Former Spartan Shares Her Experience with CRPS

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Spotlight blog

Coming together and learning about the condition will help those who go through it feel more accepted.

  The month of November is Complex Regional Pain Syndrome awareness month. Former Sanderson Spartan Lucy Rivas has lived with it for 6 years and is taking this month to speak out about her experiences. CRPS is a rare chronic pain that is found in less than 200,000 people per year according to MayoClinic.

  There is currently no cure for the syndrome, but it can be treated by physical therapy, hot and cold therapy, and medication. In order to identify it in your system a medical diagnosis is needed and no imaging or lab tests are required. 

  Simple injuries like sprained ankles or infections can lead to CRPS; it is not completely understood as to why. 

  Lucy Rivas touches hearts with her inspiring story and her strength to possibly live with the syndrome for the rest of her life. 

  Rivas was diagnosed with CRPS in the beginning of January, 2015. She remembers being first diagnosis saying, “At the time I was in the fifth grade, so understanding a complicated condition was not easy to spread awareness to my peers, let alone understand it myself.”

  Luckily, Rivas had a great support system of friends and family that were eager to educate themselves on her condition. 

  The beginning stages of her condition started with the inability to walk and move certain parts of her body. She attended six hours of daily physical, occupational, and psychological therapies to try and retrain her body to simply walk and move.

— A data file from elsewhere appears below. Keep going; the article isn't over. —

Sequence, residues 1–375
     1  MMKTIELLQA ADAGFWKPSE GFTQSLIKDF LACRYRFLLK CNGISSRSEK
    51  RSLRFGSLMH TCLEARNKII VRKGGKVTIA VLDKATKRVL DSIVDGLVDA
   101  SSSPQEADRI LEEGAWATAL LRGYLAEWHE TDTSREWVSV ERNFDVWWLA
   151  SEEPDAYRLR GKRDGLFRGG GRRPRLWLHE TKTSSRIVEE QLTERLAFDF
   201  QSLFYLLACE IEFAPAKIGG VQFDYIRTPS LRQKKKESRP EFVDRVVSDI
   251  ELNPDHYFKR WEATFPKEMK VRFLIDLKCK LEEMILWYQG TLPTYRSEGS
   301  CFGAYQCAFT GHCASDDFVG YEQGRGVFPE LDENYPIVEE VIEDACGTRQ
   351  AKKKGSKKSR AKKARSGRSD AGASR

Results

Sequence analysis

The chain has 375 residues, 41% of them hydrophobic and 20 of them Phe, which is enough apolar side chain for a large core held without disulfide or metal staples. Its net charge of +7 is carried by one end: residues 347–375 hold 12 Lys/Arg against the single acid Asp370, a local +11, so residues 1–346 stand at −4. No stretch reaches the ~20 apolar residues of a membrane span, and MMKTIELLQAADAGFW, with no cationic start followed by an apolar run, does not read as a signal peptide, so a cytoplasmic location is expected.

As she started to integrate therapy into her daily life, she began to experience personal challenges. Rivas shared her thoughts looking back on those early days, “The challenging factor apart from the pain was the fact that the only way to get ‘better’ was to learn to cope with the pain and push through it since there’s no cure.”

  Rivas gives credit to Children’s Specialized Hospital in New Brunswick, New Jersey for helping her learn how to cope with her condition. 

  “My pain moves around my body and I definitely still have my bad days, but the chronic pain program at CSH helped me learn to accept my pain, rather than fight it, and become accepting of the fact that this is just something I just have to live with.”

While she must continue to deal with pain everyday, she chooses to persevere through each day and keep a positive attitude about her situation.

  She expresses her hopes for people to bring awareness to the condition, “It would mean so much to me if you can help me spread awareness about my rare condition, for although there is no cure, there’s also very little research in this category of chronic pain. Therefore the more people who are aware about stories like mine, the more help.”

While most people will never have to experience CRPS we must come together and have recognition for those who must fight conditions like it.